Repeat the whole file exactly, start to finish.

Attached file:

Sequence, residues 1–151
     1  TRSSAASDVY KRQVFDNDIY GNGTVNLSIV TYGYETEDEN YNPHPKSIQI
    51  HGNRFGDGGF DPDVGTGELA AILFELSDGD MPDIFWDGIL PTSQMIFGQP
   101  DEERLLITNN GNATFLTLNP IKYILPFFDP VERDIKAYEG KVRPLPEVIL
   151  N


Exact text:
Sequence, residues 1–151
     1  TRSSAASDVY KRQVFDNDIY GNGTVNLSIV TYGYETEDEN YNPHPKSIQI
    51  HGNRFGDGGF DPDVGTGELA AILFELSDGD MPDIFWDGIL PTSQMIFGQP
   101  DEERLLITNN GNATFLTLNP IKYILPFFDP VERDIKAYEG KVRPLPEVIL
   151  N